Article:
Product Description: More than a decade after the end of the cold war has chilled the Marxist rebel movements around the world, one hot spot remains: Colombia. Why a democratic country with a growing economy should still feel the brushfires of a civil war is a mystery to U.S. analysts, but not to certain parties on the other side of the world.
The inexplicable loss of three major U.S. assets draws the attention of the world to the Colombian demilitarized zone. Are the local Colombian rebels responsible? Or is a deadly Middle Eastern secret cloaked by the jungle canopy of the DMZ?
Among the contingent of politicians and media headed for the DMZ seeking answers is reporter Julie Baker, whose parents had been missionaries in Colombia . Old hurts and terrors surge as she revisits the place of her birth... and her parents' deaths. When Julie's own abduction by guerrillas triggers a time bomb that has been ticking under the feet of the U.S. for a decade, she is left with more questions than answers.
In The DMZ, Windle explores the relationship between the Islamic fundamentalist groups and the guerrilla warfare in Colombia . More than a decade after the end of the cold war has chilled the Marxist rebel movements around the world, one hot spot remains-Colombia. The inexplicable loss of three major US assets draws the attention of the world to the Colombian demilitarized zone-the "DMZ." Are the local Colombian rebels responsible? Or is a deadly Middle Eastern secret cloaked by the jungle canopy of the DMZ?
Among the contingent of politicians and media headed for the DMZ is reporter Julie Baker, whose parents had been missionaries in Colombia . Old hurts and terrors resurge as she revisits the place of her birth-and her parents' deaths. When Julie's own abduction by guerrillas triggers a time bomb that has been ticking under the feet of the US for a decade, she is left with more questions than answers.
With the fate of two countries resting in her hands, Julie must put aside her own terror to face just what God's call to sacrifice will mean for her past and her increasingly uncertain future.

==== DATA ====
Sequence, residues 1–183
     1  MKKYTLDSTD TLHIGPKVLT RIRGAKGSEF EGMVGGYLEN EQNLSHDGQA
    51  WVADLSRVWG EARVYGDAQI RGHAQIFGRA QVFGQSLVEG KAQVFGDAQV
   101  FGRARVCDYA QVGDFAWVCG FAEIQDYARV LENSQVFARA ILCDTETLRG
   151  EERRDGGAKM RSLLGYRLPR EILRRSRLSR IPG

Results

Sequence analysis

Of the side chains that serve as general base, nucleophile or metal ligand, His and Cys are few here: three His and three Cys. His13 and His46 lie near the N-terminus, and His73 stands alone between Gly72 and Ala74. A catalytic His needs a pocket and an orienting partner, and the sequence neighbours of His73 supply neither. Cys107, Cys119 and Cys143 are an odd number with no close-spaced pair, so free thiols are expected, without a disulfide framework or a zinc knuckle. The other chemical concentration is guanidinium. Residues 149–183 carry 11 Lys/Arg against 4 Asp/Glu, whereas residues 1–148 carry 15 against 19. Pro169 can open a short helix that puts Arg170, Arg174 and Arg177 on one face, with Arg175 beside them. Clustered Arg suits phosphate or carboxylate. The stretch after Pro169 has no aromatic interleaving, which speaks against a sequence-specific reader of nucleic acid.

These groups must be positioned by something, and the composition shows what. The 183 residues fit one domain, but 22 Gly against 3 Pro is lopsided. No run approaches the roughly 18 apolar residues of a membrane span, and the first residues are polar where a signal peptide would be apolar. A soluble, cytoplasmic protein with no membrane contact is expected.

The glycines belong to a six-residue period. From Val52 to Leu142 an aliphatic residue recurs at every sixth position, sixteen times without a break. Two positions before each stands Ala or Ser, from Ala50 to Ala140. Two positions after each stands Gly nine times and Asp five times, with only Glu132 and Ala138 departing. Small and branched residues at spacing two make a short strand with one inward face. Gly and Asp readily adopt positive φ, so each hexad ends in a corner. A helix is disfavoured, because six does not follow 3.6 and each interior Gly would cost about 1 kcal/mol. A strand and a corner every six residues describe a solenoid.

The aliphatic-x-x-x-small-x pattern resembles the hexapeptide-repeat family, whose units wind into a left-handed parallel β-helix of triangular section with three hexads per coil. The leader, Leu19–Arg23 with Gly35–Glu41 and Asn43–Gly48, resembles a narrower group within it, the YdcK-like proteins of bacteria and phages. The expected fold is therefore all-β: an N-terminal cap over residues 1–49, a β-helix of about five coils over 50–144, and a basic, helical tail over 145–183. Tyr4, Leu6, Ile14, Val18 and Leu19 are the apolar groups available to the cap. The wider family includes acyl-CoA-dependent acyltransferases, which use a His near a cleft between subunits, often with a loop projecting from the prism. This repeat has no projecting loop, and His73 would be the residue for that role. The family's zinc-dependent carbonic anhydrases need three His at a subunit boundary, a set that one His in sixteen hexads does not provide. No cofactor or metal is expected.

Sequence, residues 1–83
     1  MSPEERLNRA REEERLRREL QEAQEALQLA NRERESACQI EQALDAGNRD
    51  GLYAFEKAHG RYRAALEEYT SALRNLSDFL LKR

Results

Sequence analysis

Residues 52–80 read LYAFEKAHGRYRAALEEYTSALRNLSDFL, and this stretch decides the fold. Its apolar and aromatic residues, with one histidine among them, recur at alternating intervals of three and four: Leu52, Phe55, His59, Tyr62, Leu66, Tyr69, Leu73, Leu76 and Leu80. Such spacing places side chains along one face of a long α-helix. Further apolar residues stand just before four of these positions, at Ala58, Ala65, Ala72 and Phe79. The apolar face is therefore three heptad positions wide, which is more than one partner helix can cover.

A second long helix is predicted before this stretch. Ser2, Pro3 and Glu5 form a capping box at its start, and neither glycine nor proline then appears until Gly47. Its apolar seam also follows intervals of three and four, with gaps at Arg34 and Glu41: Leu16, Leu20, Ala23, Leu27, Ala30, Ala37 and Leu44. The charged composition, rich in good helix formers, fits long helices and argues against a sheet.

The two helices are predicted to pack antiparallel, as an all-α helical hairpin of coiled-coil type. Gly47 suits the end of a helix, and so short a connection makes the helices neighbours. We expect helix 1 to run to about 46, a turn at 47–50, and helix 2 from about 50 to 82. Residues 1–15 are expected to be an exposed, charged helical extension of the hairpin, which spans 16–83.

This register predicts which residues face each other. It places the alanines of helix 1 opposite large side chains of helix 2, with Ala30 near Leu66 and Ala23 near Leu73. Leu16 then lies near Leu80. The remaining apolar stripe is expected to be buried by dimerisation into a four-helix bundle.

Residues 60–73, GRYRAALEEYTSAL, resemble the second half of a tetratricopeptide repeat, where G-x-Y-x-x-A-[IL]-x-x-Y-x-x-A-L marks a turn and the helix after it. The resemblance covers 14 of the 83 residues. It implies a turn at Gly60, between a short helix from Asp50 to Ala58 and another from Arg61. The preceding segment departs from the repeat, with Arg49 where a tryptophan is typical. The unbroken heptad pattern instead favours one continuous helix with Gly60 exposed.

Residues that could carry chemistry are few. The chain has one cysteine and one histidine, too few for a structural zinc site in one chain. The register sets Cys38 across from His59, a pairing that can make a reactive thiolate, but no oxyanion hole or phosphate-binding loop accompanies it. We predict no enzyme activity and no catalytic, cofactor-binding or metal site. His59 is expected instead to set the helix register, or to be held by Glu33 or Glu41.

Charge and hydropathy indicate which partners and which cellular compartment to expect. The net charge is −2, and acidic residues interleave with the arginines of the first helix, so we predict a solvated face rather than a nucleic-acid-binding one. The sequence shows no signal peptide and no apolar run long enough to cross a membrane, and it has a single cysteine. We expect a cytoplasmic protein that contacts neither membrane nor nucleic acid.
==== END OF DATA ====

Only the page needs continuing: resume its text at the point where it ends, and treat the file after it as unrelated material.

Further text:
"Dozens of books could be written on what is happening in Latin America and around the world and its implications for our own nation and society," says Windle. "But when I can weave God's truth into the pages of a book, I can carry a reader into a world where he or she can experience it-feel along with our characters the pain of betrayal, the joy of friendship, the darkness of injustice, the despair of evil, and the hope of God's righteousness and power emerging triumphant.
"In essence, readers can live the spiritual journey of the protagonists--and author--along with them instead of simply being told about it."
Seattle, Washington - Best-selling author Jeanette Windle's book The DMZ (Kregel Publications, 12/17/2010, ISBN: 9780825441936), a suspense novel that takes place in the jungles of Colombia, weaves her knowledge from her own childhood in Colombia with her meticulous research that even the US government couldn't ignore it. But Windle turned her government questioners into fast fans of her work with her attention to detail and skill at telling a compelling story.
The daughter of missionary parents in the outback jungle areas of Colombia , Windle researched the chaos and strife engulfing the beautiful country she once called home. As she watched guerrilla warfare overrun towns and villages that held childhood friends, wondered what has become of people she once knew, one theme has run repeatedly through her mind: does personal self-sacrifice still hold moral value in our 21st century? Does the Creator of the Universe have a right to demand or expect sacrifice of self or loved ones to save a hurting world? Exploring the answers to these questions in her own past became the motivation behind The DMZ.
Praise for Jeanette Windle's books: